• User doesn’t know how to do X, but thinks they can fumble their way to a solution if they can just manage to do Y.
  • User doesn’t know how to do Y either.
  • User asks for help with Y.
  • Others try to help user with Y, but are confused because Y seems like a strange problem to want to solve.
  • After much interaction and wasted time, it finally becomes clear that the user really wants help with X, and that Y wasn’t even a suitable solution for X.

The problem occurs when people get stuck on what they believe is the solution and are unable to step back and explain the issue in full. The solution to The XY Problem is simple: always provide the full context of what you’re trying to do. Describe the problem, don’t just prescribe the solution.

Part of being an effective communicator is being able to extract information from people and getting help without being a mental and emotional drain. This is especially true when it comes to debugging. I often see this “murder-mystery debugging” where someone basically tries to push off the blame for something that’s wrong with their code onto someone or something else. This flies in the face of the principle discussed earlier—be quick to take responsibility and slow to assign it. The first step when it comes to debugging anything is assume it’s your fault by default. When you run some code you’re writing and the compiler complains, you don’t blame the compiler, you assume you screwed up. It’s just taking this same mindset and applying it to everything else that we do.

And when you do need to seek help from others—just like with The XY Problem—provide as much context as possible. So much of what I see is this sort of information trickle, where the person seeking help drips information to the people trying to provide it. Don’t make it an interrogation. Lastly, provide a minimal working example that reproduces the problem. Don’t make people build a massive project with 20 dependencies just to reproduce your bug. It’s such a common problem for Stack Overflow that they actually have a name for it: MCVE—Minimal, Complete, Verifiable Example. Do your due diligence before taking time out of someone else’s day because the only thing worse than a bug report is a poorly described, hastily written accusation.

Another thing I see often is swoop-and-poop engineering. This is when someone comes to you with something they need help with—maybe a bug in a library you own, a feature request, something along these lines (this is especially true in open source). They have a sense of urgency; they say it either explicitly or just give off that vibe. You offer to setup a meeting to get more information or work through the problem with them only to find they aren’t available or willing to set aside some time with you. They’re heads down on “something more important,” yet their manager is ready to bite your head off weeks later, often without any documentation or warning. They’ve effectively dumped this on you, said the world’s on fire, and left as quickly as they came. You’re left confused and disoriented. You scratch your head and forget about it, then days or weeks later, they return, horrified that the world is still burning. I call these drive-by questions.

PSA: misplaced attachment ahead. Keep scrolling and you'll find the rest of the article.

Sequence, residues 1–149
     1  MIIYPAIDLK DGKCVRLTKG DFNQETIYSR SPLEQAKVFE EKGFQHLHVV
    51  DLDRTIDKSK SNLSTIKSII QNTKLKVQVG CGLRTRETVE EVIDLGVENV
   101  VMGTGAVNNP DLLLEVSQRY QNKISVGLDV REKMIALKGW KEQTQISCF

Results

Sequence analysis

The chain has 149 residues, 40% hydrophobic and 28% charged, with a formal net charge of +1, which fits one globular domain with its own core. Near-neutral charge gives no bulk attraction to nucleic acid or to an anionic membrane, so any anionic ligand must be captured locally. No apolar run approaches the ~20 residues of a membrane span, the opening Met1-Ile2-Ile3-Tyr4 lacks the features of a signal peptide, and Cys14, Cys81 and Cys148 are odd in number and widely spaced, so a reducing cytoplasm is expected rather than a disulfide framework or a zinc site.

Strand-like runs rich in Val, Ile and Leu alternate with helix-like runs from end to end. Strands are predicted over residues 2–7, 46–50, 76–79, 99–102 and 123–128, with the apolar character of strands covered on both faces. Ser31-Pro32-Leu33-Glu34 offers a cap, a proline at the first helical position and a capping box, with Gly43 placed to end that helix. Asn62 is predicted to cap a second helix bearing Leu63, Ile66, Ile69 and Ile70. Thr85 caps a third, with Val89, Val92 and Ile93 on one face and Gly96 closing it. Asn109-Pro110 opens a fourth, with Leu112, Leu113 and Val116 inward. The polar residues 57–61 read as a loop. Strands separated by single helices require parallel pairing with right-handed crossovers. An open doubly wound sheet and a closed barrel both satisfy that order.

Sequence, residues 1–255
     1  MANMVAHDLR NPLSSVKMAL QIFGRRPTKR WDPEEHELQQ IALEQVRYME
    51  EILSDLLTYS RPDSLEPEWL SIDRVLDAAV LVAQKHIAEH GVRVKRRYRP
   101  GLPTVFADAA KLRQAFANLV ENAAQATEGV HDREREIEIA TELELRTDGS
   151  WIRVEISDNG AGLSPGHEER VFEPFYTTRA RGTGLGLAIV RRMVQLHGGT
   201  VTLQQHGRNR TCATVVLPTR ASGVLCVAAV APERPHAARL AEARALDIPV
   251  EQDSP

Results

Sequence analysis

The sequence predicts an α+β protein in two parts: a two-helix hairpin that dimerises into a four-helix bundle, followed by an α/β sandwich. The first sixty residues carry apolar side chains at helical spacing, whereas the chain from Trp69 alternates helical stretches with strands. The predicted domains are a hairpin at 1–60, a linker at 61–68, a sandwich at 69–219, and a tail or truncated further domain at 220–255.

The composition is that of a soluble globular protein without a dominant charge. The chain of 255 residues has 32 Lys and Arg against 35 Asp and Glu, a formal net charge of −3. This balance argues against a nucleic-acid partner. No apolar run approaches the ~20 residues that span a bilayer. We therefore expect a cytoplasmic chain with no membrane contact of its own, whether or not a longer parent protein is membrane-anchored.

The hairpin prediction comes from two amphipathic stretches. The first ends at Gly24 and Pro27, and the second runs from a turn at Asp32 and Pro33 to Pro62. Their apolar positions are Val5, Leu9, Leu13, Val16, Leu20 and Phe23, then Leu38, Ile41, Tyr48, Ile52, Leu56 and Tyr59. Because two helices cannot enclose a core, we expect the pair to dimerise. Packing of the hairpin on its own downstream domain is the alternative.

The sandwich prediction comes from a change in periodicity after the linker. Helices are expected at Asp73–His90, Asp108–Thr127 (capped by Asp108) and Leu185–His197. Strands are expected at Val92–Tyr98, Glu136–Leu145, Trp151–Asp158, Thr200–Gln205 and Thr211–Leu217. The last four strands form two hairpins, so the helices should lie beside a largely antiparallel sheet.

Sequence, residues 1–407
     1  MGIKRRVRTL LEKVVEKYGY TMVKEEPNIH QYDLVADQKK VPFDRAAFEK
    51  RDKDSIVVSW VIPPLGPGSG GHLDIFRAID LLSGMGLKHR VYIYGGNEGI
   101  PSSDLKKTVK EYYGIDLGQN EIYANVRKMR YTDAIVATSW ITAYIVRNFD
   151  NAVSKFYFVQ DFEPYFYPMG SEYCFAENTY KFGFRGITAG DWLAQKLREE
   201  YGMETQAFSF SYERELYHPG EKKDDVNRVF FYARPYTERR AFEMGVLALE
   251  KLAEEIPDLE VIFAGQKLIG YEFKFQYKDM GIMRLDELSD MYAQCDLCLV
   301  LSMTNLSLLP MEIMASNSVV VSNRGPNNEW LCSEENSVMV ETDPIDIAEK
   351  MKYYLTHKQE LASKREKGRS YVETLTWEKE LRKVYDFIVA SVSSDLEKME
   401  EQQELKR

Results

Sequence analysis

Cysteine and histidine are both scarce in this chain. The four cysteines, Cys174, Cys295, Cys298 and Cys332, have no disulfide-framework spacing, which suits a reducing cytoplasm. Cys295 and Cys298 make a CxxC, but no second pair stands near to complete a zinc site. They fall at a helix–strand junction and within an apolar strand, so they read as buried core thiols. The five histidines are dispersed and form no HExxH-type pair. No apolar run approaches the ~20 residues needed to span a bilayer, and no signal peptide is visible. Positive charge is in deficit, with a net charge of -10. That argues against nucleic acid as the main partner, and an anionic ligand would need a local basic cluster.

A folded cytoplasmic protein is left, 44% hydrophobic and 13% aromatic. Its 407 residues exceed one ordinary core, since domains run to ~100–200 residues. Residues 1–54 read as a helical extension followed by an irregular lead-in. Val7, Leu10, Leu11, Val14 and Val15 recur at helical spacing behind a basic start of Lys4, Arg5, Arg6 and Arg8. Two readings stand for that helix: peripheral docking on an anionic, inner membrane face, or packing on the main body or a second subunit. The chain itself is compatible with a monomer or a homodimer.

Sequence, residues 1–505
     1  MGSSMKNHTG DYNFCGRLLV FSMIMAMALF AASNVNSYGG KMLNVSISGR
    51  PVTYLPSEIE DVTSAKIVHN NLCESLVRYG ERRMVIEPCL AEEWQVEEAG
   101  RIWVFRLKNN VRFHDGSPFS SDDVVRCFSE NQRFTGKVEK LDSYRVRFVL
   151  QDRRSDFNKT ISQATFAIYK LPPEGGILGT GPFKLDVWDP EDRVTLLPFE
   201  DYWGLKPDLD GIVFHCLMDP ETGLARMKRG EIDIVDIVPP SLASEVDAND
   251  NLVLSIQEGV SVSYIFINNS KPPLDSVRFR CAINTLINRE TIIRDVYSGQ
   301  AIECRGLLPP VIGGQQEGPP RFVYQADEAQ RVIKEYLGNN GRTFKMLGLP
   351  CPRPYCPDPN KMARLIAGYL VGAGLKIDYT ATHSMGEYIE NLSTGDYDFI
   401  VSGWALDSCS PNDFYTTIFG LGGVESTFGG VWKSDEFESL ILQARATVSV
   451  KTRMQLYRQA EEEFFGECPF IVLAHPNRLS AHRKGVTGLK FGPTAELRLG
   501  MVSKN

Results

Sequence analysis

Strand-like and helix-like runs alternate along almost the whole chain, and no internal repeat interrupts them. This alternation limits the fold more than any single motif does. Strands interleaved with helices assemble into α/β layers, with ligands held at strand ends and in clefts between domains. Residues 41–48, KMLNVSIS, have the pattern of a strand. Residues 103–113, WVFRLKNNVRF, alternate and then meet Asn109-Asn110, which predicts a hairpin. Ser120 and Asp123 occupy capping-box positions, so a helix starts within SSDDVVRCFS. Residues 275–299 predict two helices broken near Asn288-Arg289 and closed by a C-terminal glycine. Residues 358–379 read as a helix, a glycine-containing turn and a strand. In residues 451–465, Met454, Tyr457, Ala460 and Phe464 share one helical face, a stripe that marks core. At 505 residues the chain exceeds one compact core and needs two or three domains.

First, it’s important to have an appropriate sense of urgency. If you’re not willing to hop on a Hangout to work through a problem or provide additional information, it’s probably not that important, especially if you can’t even take the time to follow up. With few exceptions, it’s not fair to expect a team to drop everything they’re doing to help you at a moment’s notice, but if they do, you need to meet them halfway. It’s essential to realize that if you’re piling onto a team, others probably are too. If you submit a ticket with another team and then turn around and immediately call it a blocker, that just means you failed to plan accordingly. Having empathy is being cognizant that every team has its own set of priorities, commitments, and work that it’s juggling. By creating that ticket and calling it a blocker, you’re basically saying none of that stuff matters as much. Empathy is understanding that shit rolls downhill. For those who find themselves facing drive-by questions: document everything and be proactive about communicating.

There’s a really good essay by Eric Raymond called How To Ask Questions The Smart Way. It’s something I think every engineer should read and take to heart. My number one pet peeve is Help Vampires. These are people who refuse to take the time to ask coherent, specific questions and really aren’t interested in having their questions answered so much as getting someone else to do their work. They ask the same, tired questions over and over again without really retaining information or thinking critically. It’s question, answer, question, answer, question, answer, ad infinitum.

This is often a hard-earned lesson for junior engineers, but it’s an important one: when you ask a question, you’re not entitled to an answer, you earn the answer. Hasty sounding questions get hasty answers. As engineers, we should not operate like a tech support hotline that Grandma calls when her internet stops working. We need to put in a higher level of effort. We need to apply our technical and problem-solving aptitude as engineers. This is the only way you can scale this kind of support structure within an engineering organization. If teams are just constantly bombarding each other with low-effort questions, nothing will get done and people will get burnt out.